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The T-speaker was behind the merch table, selling Badger Kull T-shirts to the faithful and the bemused and it was all about their impending one and only performance at 23 seconds past midnight, a fitting end to the proceedings. The mood was electric as they took to the stage, four guys, all on bass guitar, in face masks and robes with yellow and black warning tape decorations, playing their one note riff over and over to strobes, chanting ‘Toxteth Day of the Dead’ repeatedly, leaving the stage three minutes later to a squall of bass feedback. It was never going to win any prizes for subtlety but it was all the crowd needed.

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Lastly it was my turn, pretty daunting to step up to the decks after that performance to a club packed to the rafters with JAMs fans on a total high after what they’d just witnessed I can tell you (I took the photo above as I stepped up). When Jimmy asked me to play at the Ball my first question was, ‘Should I play any JAMs / KLF?’ and the answer was an unequivocal ‘no’, which was fine. Bill wanted ‘no revisiting of one’s acid house days’ and gave me a superb brief to play dangerously, wide and lateral. They also provided me with a glimpse at a page from ‘2023′ where it lists the line up for a fictitious Xmas day episode of Top of The Pops.

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(photo by George Stewart-Lockheart)
I took that list fairly literally and decided to source as many original samples that The JAMs, Timelords and KLF had used as possible, I wouldn’t be playing their records, just the records they’d played with. I opened with the MC5’s ‘Kick Out the Jams’ (of course) and proceeded through Abba, The Monkees, Jimi Hendrix, Led Zeppelin, various TOTPs themes, Tommy Vance spoken word, The Sweet, the Dr Who theme, The Human League‘s version of ‘Rock n Roll’, themes from Jesus Christ Superstar, Sly & The Family Stone, James Brown and more before dropping a ton of club classics and a full final hour of downtempo tunes including ‘Wichita Lineman’ and ‘War Is Over If You Want It’, ending with ‘In The Ghetto’ at just shy of 3am.

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(photo by George Stewart-Lockheart)
As gigs go, it was a milestone in my career that I’ll never forget. As an event it was a success on so many levels I doubt the participants will ever fully get their heads around it. As a comeback it was unparalleled, everything and more that a fan of this duo could have wanted but never dreamed up. As an exercise in the closing of one chapter and the opening of another, with the fans helping to write that chapter from the building blocks the JAMs had put in place, it was genius. That they closed the event with the opportunity to eventually place part of those fans and others inside the blocks and build a People’s Pyramid to commemorate the event on the very ground it took place in was another nice touch. Best graduation party ever…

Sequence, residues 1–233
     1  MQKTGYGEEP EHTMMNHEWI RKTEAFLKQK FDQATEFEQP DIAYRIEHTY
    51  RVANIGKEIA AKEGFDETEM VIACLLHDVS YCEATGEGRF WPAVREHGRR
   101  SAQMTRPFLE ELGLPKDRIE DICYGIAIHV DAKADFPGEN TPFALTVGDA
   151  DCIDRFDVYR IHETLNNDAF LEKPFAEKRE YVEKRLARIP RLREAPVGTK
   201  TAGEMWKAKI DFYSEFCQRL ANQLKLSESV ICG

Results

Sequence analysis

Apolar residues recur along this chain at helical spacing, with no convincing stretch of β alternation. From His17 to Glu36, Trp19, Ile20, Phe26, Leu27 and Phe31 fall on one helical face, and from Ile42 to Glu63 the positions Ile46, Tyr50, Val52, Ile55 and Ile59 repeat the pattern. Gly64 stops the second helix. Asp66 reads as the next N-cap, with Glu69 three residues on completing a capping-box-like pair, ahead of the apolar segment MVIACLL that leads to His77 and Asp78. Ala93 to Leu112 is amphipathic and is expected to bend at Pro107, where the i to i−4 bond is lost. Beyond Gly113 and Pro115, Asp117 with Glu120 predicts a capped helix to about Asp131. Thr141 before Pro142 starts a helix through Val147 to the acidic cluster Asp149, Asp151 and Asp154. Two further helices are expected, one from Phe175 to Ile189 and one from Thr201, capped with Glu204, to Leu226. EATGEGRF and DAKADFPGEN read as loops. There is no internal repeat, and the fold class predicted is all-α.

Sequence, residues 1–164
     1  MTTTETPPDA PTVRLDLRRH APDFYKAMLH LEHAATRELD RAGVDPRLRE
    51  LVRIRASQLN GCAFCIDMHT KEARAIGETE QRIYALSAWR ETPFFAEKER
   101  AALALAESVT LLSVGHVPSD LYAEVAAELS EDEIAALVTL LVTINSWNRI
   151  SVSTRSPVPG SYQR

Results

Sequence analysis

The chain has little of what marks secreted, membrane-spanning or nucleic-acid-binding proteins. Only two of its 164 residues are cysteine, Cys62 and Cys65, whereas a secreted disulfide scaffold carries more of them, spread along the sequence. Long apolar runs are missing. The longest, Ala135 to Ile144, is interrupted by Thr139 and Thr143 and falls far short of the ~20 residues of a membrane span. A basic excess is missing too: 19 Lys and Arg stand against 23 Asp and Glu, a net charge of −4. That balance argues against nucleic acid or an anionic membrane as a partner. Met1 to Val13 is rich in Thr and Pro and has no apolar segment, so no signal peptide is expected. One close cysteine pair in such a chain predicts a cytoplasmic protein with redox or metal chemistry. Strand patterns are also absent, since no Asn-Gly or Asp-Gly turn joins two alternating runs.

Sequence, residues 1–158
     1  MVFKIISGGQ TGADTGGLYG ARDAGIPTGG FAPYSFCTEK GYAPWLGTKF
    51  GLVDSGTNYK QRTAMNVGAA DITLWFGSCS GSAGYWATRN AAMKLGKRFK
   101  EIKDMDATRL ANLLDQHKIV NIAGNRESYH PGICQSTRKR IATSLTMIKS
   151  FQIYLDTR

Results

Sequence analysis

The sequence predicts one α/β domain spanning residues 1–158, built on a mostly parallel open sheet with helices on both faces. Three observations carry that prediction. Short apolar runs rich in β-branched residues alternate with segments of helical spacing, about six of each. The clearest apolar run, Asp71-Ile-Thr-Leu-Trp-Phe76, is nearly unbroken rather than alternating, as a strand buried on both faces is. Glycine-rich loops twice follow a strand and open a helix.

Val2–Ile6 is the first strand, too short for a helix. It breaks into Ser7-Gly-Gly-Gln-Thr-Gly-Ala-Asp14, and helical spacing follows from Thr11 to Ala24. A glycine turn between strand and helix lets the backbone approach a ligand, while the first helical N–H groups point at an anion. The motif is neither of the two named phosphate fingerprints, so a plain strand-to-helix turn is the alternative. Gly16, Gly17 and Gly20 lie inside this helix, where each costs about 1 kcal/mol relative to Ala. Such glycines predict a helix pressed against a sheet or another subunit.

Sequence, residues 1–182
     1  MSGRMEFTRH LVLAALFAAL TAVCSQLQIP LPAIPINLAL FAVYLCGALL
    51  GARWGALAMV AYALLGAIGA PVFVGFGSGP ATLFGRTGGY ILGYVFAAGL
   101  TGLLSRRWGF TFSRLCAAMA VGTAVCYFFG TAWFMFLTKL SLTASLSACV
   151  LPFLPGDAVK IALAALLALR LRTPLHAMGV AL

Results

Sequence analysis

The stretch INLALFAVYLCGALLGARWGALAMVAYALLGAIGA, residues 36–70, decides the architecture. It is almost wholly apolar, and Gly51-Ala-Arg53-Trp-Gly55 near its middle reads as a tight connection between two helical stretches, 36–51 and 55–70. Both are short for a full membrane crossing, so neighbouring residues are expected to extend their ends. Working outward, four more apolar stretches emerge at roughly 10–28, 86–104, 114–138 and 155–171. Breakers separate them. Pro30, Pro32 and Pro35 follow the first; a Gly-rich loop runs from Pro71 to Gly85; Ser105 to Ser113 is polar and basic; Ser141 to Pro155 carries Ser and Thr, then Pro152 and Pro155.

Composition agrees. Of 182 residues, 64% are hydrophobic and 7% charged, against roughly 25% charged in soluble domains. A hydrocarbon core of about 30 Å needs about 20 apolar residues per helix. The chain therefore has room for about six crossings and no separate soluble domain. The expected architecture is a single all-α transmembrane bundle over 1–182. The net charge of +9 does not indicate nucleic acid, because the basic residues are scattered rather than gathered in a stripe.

Saturday, the aftermath:

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Some graduated early that night and received their certificates at the club, for most though it was one final trip to the Dead Perch Lounge on Saturday morning to be met by an unexpected series of posters that had been plastered up outside overnight. Someone had expressed their displeasure at the events in a very JAMs-esque way, enough to make most question if these weren’t an elaborate double-bluff by Drummond & Cauty themselves.

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Inside, The JAMs were handing out signed Certificates Of Graduation with stern handshakes and little banter and we stayed for a drink and an explanation on how exactly The People’s Pyramid was going to be constructed by the architect who had drawn up the plans, now displayed in the gallery. Finally we were ushered into a previously hidden back room where a tower of TV sets showed video loops whilst the choir’s A cappella from Friday’s ‘Justified & Ancient’ quietly played in the background.

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Whether Bill and Jimmy ever do another event, make another record or create any more art together ever again (and there were rumours that this could happen elsewhere in the future) doesn’t matter. They and the team around them pulled off an incredible experience that could have crashed and burned (pun intended) so many times and in the process must have inspired many of the participants to go forth and continue this kind of work and thinking in their daily lives from this point on. There were rules, there always is with Drummond, but these were also guidelines to break out of conventional thinking and you have to know the rules before you can break them – always accept the contradictions with The JAMs. Worth the £100 ticket price? Many times over. The experience was priceless and SO much more thought-provoking, entertaining and genuinely life-changing than most of what’s happening in current music, literature and art at the moment.

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Travelling back home, to ‘real life’, was surreal, what had happen constantly churning around in my head, the NEED to get this all down and make some kind of sense of it for my own selfish reasons of paramount importance. The desire to talk to people about it burns bright, to those that were there and friends who witnessed it secondhand via the web. The urge to look further into The Kindred of the Kibbo Kift, the Green Funeral Company and, of course, read ‘2023’ – things that were completely alien to myself and many others a week ago – is strong and will no doubt point to other people and places as The JAMs begin a new chapter…